and 20/40 OS with the intraocular pressures and anterior
Slit-lamp photograph at presentation, revealing conjunctival
chemosis, corneal edema and markedly shallow anterior
chamber in right (A) and left eye (B). Insets: Slit-image show-
ing shallow peripheral anterior chamber; depth is marked
with line. B-scan ultrasound at presentation showed periph-
eral choroidal effusions (arrow) in Right (C) and left (D)
Slit-lamp photograph at day 5, revealing deep anterior cham-
ber with resolution of corneal edema and conjunctival chem-
osis in right (A) and Left (B) eyes. Insets: Slit-image showing
deep peripheral anterior chamber, depth is marked with line.
B) B-scan ultrasound at 2 weeks shows resolution of choroi-
dal effusions (arrow) in Right (C) and left (D) eyes.
chamber depth remaining stable (Figure 2C, D). Topical
aqueous suppressants were discontinued.
Topiramate was started for treatment of migraine. As the
patient's symptoms did not respond, her neurologist
increased the dosage two days prior to presentation.
Patient's symptoms worsened with sudden decrease in
vision and extreme ocular pain. Presence of choroidal
effusion suggests an association between topiramate
induced forward rotation of the ciliary process and for-
ward displacement of the lens iris diaphragm which con-
tributed to myopic shift, anterior chamber shallowing and
resultant angle closure glaucoma. Though the exact mech-
anism is not clear, the fluid movement in choroidal effu-
sion is related to drug induced changes in membrane
Topiramate is an oral sulfamate medication used prima-
rily for epilepsy and migraine.  Other uses of topiram-
ate include use in management of peripheral
neuropathies  and radiculopathies , idiopathic
intracranial hypertension , adjunctive therapy in alco-
hol dependence  and nicotine cessation.  There
have been several reports of topiramate associated angle
closure and myopic shift. Most cases have been reported
to occur within 2 weeks of starting topiramate or within
hours of doubling the doses. [1-3]
In our case, the neurologist doubled the dose of topiram-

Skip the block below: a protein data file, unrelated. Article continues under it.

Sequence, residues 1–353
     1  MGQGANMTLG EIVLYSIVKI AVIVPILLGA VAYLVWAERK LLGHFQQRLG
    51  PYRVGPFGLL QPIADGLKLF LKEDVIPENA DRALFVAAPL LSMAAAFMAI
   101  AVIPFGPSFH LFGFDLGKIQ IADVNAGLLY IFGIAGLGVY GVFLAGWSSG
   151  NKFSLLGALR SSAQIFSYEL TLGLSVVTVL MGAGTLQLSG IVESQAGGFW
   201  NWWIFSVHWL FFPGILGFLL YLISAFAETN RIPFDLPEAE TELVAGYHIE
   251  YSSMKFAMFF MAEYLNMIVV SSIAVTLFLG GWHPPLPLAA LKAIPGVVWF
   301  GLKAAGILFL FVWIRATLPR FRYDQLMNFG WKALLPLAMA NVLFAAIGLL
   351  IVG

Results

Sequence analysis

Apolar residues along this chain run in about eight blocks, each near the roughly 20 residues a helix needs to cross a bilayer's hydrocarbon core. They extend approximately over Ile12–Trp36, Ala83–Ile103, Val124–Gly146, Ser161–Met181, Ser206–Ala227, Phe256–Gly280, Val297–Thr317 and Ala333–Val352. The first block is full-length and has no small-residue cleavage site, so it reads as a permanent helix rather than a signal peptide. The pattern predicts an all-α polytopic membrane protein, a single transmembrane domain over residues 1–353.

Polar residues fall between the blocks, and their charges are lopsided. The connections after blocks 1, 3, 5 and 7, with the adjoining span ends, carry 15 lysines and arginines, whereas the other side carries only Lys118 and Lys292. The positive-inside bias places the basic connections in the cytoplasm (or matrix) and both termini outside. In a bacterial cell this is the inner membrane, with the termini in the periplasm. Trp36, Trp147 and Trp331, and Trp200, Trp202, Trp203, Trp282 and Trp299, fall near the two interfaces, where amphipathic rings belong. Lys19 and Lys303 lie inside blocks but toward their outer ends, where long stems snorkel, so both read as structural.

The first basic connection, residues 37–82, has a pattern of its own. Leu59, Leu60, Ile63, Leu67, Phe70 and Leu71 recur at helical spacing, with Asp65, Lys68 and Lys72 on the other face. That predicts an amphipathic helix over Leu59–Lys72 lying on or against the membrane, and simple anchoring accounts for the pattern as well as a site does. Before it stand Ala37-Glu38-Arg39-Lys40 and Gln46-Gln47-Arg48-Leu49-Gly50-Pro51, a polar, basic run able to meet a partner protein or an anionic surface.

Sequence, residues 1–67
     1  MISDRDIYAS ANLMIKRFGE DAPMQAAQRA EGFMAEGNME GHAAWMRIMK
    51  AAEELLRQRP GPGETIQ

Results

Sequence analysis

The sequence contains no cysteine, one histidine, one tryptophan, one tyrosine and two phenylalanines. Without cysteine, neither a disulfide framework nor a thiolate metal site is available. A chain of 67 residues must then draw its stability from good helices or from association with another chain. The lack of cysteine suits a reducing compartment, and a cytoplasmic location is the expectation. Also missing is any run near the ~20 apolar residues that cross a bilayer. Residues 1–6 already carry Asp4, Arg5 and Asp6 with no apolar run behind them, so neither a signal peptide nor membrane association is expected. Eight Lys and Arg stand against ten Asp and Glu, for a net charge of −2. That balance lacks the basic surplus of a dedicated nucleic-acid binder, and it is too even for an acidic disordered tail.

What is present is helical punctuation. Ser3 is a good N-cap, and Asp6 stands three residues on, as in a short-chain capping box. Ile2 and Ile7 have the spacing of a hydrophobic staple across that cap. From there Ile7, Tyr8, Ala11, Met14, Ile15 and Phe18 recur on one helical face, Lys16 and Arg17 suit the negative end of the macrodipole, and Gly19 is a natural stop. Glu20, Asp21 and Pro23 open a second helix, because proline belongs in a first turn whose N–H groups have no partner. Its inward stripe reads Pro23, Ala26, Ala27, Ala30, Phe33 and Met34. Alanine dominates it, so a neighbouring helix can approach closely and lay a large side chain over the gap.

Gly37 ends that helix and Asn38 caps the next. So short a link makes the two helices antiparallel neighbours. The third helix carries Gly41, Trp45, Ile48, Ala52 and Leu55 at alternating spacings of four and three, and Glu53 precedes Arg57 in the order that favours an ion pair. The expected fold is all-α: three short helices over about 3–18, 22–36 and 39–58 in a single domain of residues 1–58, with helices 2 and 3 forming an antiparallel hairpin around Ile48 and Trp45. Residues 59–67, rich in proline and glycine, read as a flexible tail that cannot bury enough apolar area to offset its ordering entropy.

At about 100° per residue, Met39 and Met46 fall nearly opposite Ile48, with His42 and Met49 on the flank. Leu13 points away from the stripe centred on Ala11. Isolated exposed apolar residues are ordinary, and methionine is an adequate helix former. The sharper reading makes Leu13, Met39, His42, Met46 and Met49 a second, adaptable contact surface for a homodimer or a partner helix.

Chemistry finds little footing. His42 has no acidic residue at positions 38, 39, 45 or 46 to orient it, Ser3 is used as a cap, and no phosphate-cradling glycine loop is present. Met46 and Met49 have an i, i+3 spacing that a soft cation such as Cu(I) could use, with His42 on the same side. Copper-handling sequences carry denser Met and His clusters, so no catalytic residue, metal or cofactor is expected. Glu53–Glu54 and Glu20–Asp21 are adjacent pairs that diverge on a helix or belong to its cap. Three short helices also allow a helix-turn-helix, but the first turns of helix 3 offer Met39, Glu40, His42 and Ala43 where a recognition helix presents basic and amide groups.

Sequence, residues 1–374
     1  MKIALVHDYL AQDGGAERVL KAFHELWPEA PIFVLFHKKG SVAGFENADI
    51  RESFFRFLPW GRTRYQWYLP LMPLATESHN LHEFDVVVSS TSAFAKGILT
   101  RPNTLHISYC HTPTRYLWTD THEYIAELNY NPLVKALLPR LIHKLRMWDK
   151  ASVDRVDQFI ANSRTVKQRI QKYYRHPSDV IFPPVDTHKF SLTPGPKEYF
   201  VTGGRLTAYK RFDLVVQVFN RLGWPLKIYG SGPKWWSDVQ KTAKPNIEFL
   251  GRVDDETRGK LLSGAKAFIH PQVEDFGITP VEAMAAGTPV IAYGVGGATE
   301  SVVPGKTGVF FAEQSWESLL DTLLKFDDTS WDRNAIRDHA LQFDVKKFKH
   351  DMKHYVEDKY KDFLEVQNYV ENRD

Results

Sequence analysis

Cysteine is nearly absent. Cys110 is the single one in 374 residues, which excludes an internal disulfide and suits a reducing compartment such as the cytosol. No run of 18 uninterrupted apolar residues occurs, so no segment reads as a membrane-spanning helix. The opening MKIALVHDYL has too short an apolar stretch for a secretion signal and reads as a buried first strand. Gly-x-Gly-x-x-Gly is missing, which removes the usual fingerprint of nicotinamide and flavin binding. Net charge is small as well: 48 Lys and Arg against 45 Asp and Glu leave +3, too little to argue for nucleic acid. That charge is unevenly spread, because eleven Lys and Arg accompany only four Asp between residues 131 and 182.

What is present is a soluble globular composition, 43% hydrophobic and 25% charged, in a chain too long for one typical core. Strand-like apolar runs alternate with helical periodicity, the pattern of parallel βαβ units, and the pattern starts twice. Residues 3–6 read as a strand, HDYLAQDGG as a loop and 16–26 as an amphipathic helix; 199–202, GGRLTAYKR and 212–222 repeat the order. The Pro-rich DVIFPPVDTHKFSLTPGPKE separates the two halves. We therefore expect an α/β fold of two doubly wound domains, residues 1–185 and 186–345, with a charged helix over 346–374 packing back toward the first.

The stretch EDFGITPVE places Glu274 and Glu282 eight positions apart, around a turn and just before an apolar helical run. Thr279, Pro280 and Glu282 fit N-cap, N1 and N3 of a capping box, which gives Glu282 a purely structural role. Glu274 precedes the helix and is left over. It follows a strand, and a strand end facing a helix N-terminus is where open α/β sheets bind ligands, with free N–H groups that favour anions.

ate to alleviate non-responding headache. In retrospect,
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Journal of Medical Case Repotts 2008, 2:1
Journal of Medical Case Reports 2008, 2:1
these symptoms may have been related to elevated IOP
and not migraine as evident on tonometry and B-scan
ultrasonography. Therefore, increased awareness is
needed before initiating or modifying topiramate therapy
as persistence or worsening of patients' headache may be
attributed to raised intraocular pressures as opposed to
lack of response to therapy.
Topiramate induced angle closure is an indiosyncratic
reaction and can occur in otherwise normal eyes with nor-
mal anterior chamber angles. The management of topira-
mate related acute angle closure glaucoma requires
cessation of the drug in concert with the primary physi-
cian and use of topical and oral aqueous suppressants.
Use of pilocarpine can lead to further narrowing of the
angles and worsening of signs and symptoms. Peripheral
iridotomy, a traditional treatment for angle closure glau-
coma, may not be of value as precipitating mechanism is
not pupillary block. Topical cycloplegic agents can be
given as they lower intraocular pressures by retracting the
cilliary process. 
Topiramate induced angle closure glaucoma and transient
myopia usually resolves with discontinuation of the drug.
Visual outcome is usually good and episodes resolve
within few weeks. In addition to its use in epilepsy, topira-
mate has demonstrated efficacy in other diseases and dis-
ciplines. This report highlights the need for a high index
of suspicion when dealing with acute angle closure glau-
coma in patients using topiramate, as this condition is
reversible and treatment is typically supportive. Thus,
patients should be cautioned about this potential side-
effect, and instructed to seek attention should they
develop blurred vision and/or eye pain following initia-
tion or dose escalation of topiramate.
IOP Intraocular Pressure
OD Ocular Dexter
OS Ocular Sinister
OU Ocular Utrique
BCVA Best-corrected visual acuity
The authors) declare that they have no competing inter-
KVC and TT identified the case and directly participated in
management. They also revised the manuscript and veri-
fied its intellectual content.
FS, SA, and VSB worked in collaboration to collect data,
acquire clinical photographs, and draft, revise, and refer-
ence the manuscript.
All authors read and approved the final manuscript
Written informed consent was obtained from the patient
for publication of this case report and any accompanying
images. A copy of the written consent is available for
review by the Editor-in-Chief of this journal.